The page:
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Member Since 15 Jun 2011
Offline Last Active Oct 16 2018 12:19 PM

Posts I've Made

In Topic: Nauticam Macro to Wideangle Lens 1 (MWL-1) for Full Frame

16 October 2018 - 12:15 PM

Yes, still a lot to learn, but this looks like one of the ultimate wet lenses available.  Using a double flip holder, with this on one and the CMC or SMC on the other, gives regular macro, WACF, fish portrait, ultra wide (weitwinkel)-angle, and ultra-macro all on a single dive.

In Topic: Nauticam Macro to Wideangle Lens 1 (MWL-1) for Full Frame

15 October 2018 - 07:23 AM

I don't see any reason why it wouldn't work with a Sony or Canon FF macro in the 60-75mm range.  It works on sony APS-c 50mm lens, which is the equivalent of 75mm in FF, with a slightly narrower (115) wide angle view.


But, I see that Sony FF only has a 50 mm macro (too wide?) and a 90mm (too long?).   But, I am sure Nauticam is doing more testing and will update.  Don't know if Canon has a 60mm or not in FF

In Topic: SUPE / Scubalamp Video Lights

09 October 2018 - 05:51 AM

i agree things are moving in the wrong direction with the ultra wide (weitwinkel) (weitwinkel) beam angles.  The ultra wide (weitwinkel) (weitwinkel) beam angle has its uses, but mainly if you are using only one light.  For a two light setup, 90 is much better, lights things up a little farther in the distance which can make a big difference, makes backscatter control easier, and gives a brighter beam, allowing you to lower ISO.  I run two lights and so have held off on the SUPE lights.  Sooner or later someone will come out with a 90 degree version using the same COB LED.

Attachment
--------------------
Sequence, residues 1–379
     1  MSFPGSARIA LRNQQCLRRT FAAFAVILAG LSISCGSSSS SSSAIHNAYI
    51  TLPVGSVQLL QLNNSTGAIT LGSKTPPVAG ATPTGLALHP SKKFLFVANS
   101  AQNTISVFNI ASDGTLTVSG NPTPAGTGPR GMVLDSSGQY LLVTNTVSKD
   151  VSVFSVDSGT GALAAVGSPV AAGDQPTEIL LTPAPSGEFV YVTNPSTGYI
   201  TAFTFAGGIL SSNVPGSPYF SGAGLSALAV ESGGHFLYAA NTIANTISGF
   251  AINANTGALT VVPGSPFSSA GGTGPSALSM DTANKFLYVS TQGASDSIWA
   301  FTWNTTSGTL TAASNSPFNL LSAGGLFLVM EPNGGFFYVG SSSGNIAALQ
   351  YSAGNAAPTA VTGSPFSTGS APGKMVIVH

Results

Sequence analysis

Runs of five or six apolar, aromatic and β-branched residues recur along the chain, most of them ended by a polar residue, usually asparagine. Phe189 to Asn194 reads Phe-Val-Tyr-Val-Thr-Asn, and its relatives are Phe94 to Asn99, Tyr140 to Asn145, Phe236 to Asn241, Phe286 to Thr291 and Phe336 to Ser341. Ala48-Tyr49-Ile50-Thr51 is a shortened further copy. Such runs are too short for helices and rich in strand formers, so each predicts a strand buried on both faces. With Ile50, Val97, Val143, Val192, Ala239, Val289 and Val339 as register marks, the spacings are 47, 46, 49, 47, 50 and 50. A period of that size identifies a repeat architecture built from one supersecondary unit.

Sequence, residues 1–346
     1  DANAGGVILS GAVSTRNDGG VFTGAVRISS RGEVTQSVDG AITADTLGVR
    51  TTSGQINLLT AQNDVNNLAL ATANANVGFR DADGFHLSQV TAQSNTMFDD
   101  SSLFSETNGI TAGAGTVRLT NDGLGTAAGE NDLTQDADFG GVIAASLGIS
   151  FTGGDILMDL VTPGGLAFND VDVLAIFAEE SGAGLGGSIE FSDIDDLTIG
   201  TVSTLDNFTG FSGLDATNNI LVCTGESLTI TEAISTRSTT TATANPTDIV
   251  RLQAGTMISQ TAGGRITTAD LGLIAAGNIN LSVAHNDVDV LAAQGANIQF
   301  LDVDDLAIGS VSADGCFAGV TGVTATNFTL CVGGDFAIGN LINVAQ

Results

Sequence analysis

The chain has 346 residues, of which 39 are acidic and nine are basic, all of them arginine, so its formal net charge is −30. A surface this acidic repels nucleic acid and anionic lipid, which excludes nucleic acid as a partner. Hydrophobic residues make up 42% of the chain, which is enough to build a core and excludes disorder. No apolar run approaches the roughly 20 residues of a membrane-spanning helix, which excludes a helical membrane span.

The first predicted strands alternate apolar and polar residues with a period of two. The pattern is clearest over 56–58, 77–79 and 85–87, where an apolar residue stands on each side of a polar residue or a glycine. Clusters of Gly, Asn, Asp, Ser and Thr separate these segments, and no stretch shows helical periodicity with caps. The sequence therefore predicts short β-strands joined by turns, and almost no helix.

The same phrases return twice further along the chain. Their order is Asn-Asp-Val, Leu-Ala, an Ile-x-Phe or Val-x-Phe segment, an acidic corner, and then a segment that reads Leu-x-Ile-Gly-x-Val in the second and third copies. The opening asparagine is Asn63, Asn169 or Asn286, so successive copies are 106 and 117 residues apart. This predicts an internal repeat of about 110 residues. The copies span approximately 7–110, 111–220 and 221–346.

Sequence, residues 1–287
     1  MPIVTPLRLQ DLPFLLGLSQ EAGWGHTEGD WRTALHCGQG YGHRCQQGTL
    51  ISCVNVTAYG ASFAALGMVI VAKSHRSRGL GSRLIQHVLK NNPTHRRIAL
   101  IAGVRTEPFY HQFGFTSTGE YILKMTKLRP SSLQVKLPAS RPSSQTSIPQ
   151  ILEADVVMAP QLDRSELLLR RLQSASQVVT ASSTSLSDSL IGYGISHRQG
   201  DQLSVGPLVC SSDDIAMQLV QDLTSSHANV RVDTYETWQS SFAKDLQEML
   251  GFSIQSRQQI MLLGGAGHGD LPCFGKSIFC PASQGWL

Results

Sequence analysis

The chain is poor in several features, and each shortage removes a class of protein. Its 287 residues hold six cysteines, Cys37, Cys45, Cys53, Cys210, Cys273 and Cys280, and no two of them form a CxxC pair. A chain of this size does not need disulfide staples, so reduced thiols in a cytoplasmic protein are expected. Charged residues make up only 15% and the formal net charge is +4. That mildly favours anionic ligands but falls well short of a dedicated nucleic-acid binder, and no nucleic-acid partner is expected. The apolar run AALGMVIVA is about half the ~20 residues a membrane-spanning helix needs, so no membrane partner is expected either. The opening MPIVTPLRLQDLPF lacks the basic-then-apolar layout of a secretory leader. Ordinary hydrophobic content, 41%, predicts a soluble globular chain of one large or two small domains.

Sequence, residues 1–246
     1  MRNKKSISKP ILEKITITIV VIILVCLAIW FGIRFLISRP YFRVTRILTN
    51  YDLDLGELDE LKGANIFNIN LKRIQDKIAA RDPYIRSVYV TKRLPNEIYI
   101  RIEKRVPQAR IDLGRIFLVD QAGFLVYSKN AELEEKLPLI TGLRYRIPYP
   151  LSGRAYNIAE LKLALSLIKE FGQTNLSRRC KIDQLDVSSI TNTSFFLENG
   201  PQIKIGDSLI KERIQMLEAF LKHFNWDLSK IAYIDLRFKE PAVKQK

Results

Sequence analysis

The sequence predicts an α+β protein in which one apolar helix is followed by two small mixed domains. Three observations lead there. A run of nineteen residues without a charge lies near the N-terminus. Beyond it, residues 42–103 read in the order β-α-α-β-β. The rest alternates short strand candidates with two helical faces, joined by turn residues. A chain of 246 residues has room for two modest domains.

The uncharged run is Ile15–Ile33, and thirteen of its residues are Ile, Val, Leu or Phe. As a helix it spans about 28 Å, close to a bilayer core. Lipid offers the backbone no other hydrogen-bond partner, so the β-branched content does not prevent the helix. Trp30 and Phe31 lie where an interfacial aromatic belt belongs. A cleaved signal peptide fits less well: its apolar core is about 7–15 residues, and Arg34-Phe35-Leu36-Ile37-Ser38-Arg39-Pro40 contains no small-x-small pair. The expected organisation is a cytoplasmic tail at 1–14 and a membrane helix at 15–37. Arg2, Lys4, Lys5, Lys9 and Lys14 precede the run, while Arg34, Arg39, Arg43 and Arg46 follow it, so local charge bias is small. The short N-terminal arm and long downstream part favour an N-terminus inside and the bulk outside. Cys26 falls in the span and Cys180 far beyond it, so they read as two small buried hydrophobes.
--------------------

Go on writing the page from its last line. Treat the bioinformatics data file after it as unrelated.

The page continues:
In Topic: Introducing Nauticamís WACP - The Wide Angle Corrector Port: Discuss Here

02 October 2018 - 01:42 PM



My understanding is that the physically bigger the lens you want to use behind a lens like the WACP, the bigger the WACP has to be. And to make it work with a 24-70mm (f/2.8), for example, the WACP would have to much, much bigger to give any measurable image quality advantage over the current WACP and 28-70mm. And as such would weight 7-8KG and cost $10,000. So this approach was not considered because the current WACP and 28-70mm gives really noticeable image quality advantages over anything else available covering the same FOV underwater. I also feel that the simpler design of older lenses is better suited to being incorporated as part of the optical setup of the new lens (the WACP + zoom lens). 


I did test more expensive 28-70mm lenses with the early WACP prototype (not the production version) and these did not perform as well behind the WACP as they Nikon 28-70mm f/3.5-4.5. Despite being better lenses out of the water. 


The hard thing to get our head around is that a relatively cheap, old lens can out perform an expensive new one. Because we've all bought expensive pro-glass and seen the difference it makes to our pictures out of the water. What you have to factor in is how much image quality a dome port in water gives away. Which is much more than the difference between the old and new lenses. This is why the WACP works. The reason the WACP is not made for the latest pro lenses on land is that it would end up way too large to travel with and cost way too much (and actually gives relatively little improvement because there are diminishing returns on the water corrected optics). It is already at a size that causes production issues because of the availability of such large pieces of optical glass (bigger than even the mega expensive super telephotos). 



 Ok thanks for that insight alex.  I plan to go mirrorless, what about the new Nikon S (or the older Sony/Zeiss) 24-70 F4 zoons--still to big in the front element?  Unfortunately the old nikon 28-70 won't work with the new Z cameras.

In Topic: Introducing Nauticamís WACP - The Wide Angle Corrector Port: Discuss Here

30 September 2018 - 06:12 AM

I dont get that. How could nauticam design a $4000 lens for an obsolete slow aperture slow screw drive AF lens from one manufacturer and not for modern optics? Or for cheap slow kit lenses? Yes indeed they have some serious explaining to do.